Usha Parmar aka Buaji (Ratna Pathak), Shireen (Konkana Sen Sharma), Rihanna (Plabita Borthakur) and Leela (Aahana Kumra) are 4 different women/girls living in the same locality of Bhopal. Buaji seeks for a sexual reawakening owing to her obsession with soft-porn stories, Shireen seeks an alternative life of a working woman, Rihanna simply wants to get rid of being hidden in a Burkha everytime and Leela wants to get out of Bhopal and have a living.
Lipstick Under My Burkha deals with 4 different lives and their varied interactions with people around them (even themselves) along with the societal pressures forced upon them.
Positive points: –
- The film is carried by aggressively powerful and riveting performances by all its 4 lead actresses who not only hold on the weight of everyday issues on them ably but also seldom disappoint the audience with their act.
- Quite many important issues are raised in the film regarding the desires of women in a typical Indian society, my favourite being the Buaji angle because sexuality of women is one of the least discussed and least understood taboos in our country.
- An interesting element of the film is that the protagonists are shown to be flawed along with being troubled which is quite rare in such types of films.
- The realism captured by the film throughout and especially in its abrupt ending is praiseworthy.
Negative points: –
- Even though it’s obvious that a character driven story paces slowly, but this flick’s pace makes you feel the weight of time substantially. So even if you take a loo-break and come back, there won’t be any significant development in the story (except in its climax).
- While the characters have been shown to have flaws, the script demands the audience to be completely sympathetic to them instead of making a general consensus about both their virtues and vices.
- The script as well as direction becomes reckless as the film progresses especially in the second half with some glaring plot-holes that one can spot in spite of being a casual watcher.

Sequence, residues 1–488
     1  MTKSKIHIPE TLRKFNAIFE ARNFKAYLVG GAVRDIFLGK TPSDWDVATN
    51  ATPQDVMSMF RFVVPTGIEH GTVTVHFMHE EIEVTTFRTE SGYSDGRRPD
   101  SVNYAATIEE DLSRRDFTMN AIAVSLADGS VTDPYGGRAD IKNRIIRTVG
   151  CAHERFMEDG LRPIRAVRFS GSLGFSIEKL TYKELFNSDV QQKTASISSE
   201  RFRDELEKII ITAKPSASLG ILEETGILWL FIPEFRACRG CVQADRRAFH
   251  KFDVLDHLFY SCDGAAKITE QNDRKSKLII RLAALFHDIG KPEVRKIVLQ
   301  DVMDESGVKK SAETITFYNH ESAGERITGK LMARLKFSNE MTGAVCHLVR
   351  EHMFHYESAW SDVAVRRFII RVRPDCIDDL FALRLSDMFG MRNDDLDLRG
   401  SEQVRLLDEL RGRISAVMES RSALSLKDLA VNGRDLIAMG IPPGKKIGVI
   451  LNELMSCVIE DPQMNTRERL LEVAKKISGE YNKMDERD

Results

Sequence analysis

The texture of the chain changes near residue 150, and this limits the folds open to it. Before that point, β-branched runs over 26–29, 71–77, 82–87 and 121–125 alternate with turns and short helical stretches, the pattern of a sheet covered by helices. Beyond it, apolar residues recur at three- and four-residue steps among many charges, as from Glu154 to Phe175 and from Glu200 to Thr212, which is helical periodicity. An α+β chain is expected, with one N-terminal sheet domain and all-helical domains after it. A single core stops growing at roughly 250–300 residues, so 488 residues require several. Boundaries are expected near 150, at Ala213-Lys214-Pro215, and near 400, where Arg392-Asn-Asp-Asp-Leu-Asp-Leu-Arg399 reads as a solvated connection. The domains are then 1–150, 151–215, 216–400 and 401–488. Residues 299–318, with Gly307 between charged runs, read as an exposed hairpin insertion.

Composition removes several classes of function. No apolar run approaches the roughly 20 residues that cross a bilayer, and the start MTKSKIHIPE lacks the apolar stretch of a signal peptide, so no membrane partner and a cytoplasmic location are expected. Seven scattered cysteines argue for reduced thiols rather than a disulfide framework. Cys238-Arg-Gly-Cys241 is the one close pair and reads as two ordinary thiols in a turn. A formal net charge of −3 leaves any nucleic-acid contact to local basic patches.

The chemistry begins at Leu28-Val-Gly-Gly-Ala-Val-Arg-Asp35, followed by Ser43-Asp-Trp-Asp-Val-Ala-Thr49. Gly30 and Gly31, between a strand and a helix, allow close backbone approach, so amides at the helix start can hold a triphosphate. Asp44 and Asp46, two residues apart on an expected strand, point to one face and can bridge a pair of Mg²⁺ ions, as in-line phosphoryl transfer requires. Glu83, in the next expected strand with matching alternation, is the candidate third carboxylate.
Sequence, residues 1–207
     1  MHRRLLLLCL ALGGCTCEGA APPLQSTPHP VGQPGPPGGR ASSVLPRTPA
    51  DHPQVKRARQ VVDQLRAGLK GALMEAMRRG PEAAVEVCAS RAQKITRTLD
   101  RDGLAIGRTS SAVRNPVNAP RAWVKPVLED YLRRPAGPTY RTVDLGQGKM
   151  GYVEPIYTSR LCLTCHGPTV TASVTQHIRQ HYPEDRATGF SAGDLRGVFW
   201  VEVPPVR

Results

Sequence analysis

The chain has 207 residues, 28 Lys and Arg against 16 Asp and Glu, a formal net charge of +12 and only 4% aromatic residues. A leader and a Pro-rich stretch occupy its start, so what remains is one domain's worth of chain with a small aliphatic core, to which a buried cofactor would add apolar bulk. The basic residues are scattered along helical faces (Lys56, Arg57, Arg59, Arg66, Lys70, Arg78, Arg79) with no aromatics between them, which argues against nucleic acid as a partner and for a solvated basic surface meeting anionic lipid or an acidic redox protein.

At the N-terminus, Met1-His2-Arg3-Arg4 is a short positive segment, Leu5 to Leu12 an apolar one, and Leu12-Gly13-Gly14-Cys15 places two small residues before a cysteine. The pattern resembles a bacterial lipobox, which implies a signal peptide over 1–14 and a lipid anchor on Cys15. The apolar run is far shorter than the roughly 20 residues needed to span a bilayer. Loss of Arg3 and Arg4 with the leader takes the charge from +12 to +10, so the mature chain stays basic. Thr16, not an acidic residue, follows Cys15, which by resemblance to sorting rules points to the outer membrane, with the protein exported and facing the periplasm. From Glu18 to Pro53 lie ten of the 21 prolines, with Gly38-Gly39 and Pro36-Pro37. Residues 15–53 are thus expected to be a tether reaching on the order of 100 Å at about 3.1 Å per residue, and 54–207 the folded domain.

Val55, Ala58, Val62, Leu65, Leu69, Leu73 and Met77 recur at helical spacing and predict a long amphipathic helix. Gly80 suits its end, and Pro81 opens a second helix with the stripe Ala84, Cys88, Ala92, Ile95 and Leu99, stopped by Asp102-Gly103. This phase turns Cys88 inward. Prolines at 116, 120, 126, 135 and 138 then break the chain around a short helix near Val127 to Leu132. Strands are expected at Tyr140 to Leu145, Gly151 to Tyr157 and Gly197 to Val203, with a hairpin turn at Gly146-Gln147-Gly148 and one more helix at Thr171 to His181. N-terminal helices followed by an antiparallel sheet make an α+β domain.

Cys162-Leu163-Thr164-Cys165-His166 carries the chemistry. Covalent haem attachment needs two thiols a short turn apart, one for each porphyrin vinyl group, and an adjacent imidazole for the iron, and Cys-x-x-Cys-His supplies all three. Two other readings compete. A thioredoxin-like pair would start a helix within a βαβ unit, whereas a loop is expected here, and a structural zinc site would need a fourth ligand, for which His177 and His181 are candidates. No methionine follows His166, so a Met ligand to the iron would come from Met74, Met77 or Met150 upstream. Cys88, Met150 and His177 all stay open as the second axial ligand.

- The Shireen storyline was kind of a clichéd one with her having a perfidious, mistreating, dominant and asshole husband. We have seen such characters so many times that we seriously need a break from them. Moreover, the film completely misses out the fact that women in our society still feel the urge of freedom even with a good and caring husband and showing something like this would have made the story even more interesting.
Direction, Script and Other Technicalities: –
Alankrita Shrivastava brings up quite an important film into the scenario of Indian cinema as well as the society. I seriously couldn’t find any reason as to why the Censor Board had so many reservations for the film’s release. Nevertheless, we are glad that a film raising important questions regarding women, their freedom, their positions as well as their inner sexual thrust has gotten a wider platform. While Shrivastava has been successful in showcasing the above mentioned issues with flair, her directional flaws can still be discerned in it. Blame her own screenplay or simply the execution, Lipstick Under My Burkha has some serious fallacies conjoined with its brilliant exhibition of female inhibitions. While most storylines seemed perfect, the way Leela’s storyline progressed in spite of her flawed characterisation seemed quite unconvincing. A big plot-hole was Usha carrying her soft-porn novels to the swimming pool; I mean why would she carry them if her only job at the pool was to learn swimming. If that thing is corrected, Usha’s storyline never meets a correct completion and that is definitely a problem folks. As mentioned earlier, the flaws of the characters can be noted well but the film doesn’t make them or the audience feel apologetical to their misdeeds. Nevertheless, I liked the abrupt ending as a forced happy ending would have seemed unrealistic.
The cinematography, editing and background score are fine albeit lacking uniqueness which isn’t required for such a film. The music is passable.
The strongest part of the film is arguably its powerful performances and Ratna Pathak shines the most of all. Her brilliance as a Thespian can be noted by her ability to perform varieties of characters with flamboyance. Buaji’s character was a tough one to execute owing to its different shades but Pathak is no kacchi khiladi in her sport and she shows it clearly enough for everyone to notice.
Konkana Sen Sharma does a sterling job as the emotionally conflicting wife of Sushant Singh who too does a great job in minimal screen presence.
Aahana Kumra is lovely as Leela and her act is stellar. Vikrant Maasey does a good job as her boyfriend and so does Vaibbhav Tatwawdi as her fiancée.
Plabita Borthakur is a revelation and she is not only convincing in her avatar but also has delivered it with smarter insight. She can be the next Kangana Ranaut or Radhika Apte or Kalki Koechlin if given good films and proper roles to enact.
Final Verdict: –
Lipstick Under My Burkha is flawed no doubt, but it’s still an eye-opener and flicks like this can help largely to fight against social taboos against women. Its performances are wonderful and the realism is appreciable. It deserves a watch for sure.